D's emotional breakdowns started recently in baby sign class, as predicted by her teacher. Now, when the stuffed cat is passed around and taken away from Diana, she convulsively sobs, screams and flings herself up and down in frustration. For approximately 10 seconds.
D's rendition of the final scene in (insert Greek tragedy title here)...The other day my husband said to me (and this is more or less verbatim): "So, do you think Diana's just been pretending to be normal for the past 11 months and now she can no longer hide that she has your genes and is actually completely crazy?"
Yes, this is offensive, but more worryingly, I think he has a point. I'll admit I can be moody at the best of times; sobbing for no reason, deranged, and/or vicious at the worst. As for baby D, there's no denying she's become a serious cry baby of late. Some may even call her a "drama queen," an expression I hate with a passion, namely because I have so frequently been called the same, mostly by all of my in-laws.
I'm pretty sure they don't mean it as a compliment.
When she's then handed a new toy - a musical instrument, or in her case, three - she's happy again, until it's time to put the toys away. Then she'll try to take a couple more toys out of the box, get told off and have a sobbing fit that can rival the final act of Phaedra.
Then she'll crawl around the room following the box of instruments, in hysterics, with tears dripping down her face. Even I have to admit that's a bit of an over-reaction.
These temper tantrums now happen every single time baby D gets something taken away from her, is removed from a potentially dangerous situation and - this is obviously my favourite - every time I (try to) leave the room. Sometimes when I cross the room to get something out of a cupboard and Diana thinks I may flee, the breakdown will happen just in case.
It's also gotten to the point where if a grandparent, her father or a particular nursery worker or uncle leaves the room, baby D will burst into hysterics. I'm no therapist, but I guess the layman's term for this is clingy, and much as I adore my daughter, it's not a good look (nor a particularly effective lure when trying to find a babysitter).
As you can probably imagine, this new aspect of baby D's developing personality has its drawbacks. Not only is it upsetting to see Diana so distressed, that her instinct is to immediately go to the really bad place is not a good sign for the future. This kid doesn't whimper or pout; she goes from happily smiling one moment straight to hair-pulling and self-flagellation the next.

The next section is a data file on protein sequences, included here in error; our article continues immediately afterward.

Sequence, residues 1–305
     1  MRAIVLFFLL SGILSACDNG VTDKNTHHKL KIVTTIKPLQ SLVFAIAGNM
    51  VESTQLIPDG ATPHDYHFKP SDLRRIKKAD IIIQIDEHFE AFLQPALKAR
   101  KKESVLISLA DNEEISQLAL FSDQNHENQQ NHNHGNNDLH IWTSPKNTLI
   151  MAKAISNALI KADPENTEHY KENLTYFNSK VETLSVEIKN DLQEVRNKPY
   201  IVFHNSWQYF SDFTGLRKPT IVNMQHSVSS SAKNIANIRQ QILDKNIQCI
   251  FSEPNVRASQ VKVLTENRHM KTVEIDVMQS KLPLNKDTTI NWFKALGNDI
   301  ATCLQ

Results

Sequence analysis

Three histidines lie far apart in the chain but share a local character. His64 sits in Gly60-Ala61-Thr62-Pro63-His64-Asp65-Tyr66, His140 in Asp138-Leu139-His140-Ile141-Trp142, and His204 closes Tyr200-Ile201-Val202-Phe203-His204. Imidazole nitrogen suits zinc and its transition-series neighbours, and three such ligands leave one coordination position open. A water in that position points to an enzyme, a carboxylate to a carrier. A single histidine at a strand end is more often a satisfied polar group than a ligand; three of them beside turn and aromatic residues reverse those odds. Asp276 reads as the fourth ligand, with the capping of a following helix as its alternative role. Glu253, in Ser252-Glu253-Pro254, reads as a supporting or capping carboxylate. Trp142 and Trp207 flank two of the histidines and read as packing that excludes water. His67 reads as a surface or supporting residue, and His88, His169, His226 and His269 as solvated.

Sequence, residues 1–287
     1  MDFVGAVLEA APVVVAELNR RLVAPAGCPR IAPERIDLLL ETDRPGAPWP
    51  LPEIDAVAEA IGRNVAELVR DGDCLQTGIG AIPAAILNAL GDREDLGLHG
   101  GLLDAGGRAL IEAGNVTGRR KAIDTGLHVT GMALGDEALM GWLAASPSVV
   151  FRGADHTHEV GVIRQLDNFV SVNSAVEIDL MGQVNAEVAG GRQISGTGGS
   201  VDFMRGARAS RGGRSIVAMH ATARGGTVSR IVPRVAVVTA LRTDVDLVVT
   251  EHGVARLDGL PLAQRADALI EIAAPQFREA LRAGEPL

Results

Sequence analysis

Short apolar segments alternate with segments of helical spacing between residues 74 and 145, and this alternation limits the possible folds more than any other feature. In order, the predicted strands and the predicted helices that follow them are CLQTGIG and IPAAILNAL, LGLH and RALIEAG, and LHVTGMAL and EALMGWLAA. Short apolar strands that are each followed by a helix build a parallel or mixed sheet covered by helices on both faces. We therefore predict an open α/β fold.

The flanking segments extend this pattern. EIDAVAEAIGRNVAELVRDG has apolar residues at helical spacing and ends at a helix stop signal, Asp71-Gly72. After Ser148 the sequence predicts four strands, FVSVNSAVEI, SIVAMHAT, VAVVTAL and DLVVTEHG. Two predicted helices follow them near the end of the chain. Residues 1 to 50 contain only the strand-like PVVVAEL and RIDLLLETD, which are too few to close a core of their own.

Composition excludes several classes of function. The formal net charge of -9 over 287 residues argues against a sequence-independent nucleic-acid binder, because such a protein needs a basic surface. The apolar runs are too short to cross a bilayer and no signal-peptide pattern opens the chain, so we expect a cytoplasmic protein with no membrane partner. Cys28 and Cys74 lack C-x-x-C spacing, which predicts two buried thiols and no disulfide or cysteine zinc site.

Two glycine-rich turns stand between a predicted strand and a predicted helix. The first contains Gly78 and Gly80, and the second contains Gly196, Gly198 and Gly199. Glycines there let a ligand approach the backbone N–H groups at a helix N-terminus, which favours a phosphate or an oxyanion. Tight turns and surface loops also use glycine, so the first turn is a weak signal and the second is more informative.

Even though these scenes only last for mere moments, D's genetics suggest that this may be more than just a "phase." I grew up with a paranoid and hysterical (albeit completely wonderful and loving) mother, in New York City, so I am understandably neurotic and excitable as a result of both nature and nurture. In an attempt to fight biology, instead of pandering to D when she gets into these moods, I try to sympathise, then laugh lightly and tell her everything will be OK (and, usually, hand her a soothing distraction).
Unfortunately, my fragile emotional state means that I'm probably the worst person at keeping my cool in times of crisis. I want to bang things and cry! I want to scream and yell at people and pound my fists on the ground! I definitely don't want to be the problem-solver when my instinct is to be the problem-starter.
Lest you think I'm the only unhinged psycho who passed over-emotional DNA to baby D, let me dispel that myth. My husband likes to think of himself as "fiery." If that means he spazzes out for no reason whatsoever a lot of the time and could probably do with an anger management course, then he is indeed on fire.
What I'm saying is, with our emotionally flawed gene pool, we may have serious trouble on our hands. And it's been hiding under the false guise of chubby thigh rolls and angelic jowls.
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